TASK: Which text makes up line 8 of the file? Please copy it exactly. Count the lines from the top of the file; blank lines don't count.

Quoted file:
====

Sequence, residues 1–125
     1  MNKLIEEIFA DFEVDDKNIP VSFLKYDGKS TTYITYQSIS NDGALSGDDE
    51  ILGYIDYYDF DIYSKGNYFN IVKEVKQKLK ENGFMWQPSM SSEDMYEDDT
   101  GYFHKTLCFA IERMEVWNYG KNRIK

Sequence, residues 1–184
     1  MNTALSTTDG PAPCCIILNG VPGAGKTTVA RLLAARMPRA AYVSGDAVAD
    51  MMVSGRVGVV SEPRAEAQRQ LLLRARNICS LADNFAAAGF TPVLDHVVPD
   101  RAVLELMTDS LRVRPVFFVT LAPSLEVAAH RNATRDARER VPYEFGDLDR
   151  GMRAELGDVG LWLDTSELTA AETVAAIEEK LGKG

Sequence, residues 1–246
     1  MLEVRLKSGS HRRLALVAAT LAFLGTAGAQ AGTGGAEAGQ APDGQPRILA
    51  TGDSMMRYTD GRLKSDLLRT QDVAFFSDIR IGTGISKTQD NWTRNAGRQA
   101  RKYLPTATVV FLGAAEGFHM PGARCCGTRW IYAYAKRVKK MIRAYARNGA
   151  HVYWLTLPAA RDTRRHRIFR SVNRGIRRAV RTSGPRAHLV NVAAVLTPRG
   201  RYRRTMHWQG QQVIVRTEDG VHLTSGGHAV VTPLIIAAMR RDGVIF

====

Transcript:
   101  RAVLELMTDS LRVRPVFFVT LAPSLEVAAH RNATRDARER VPYEFGDLDR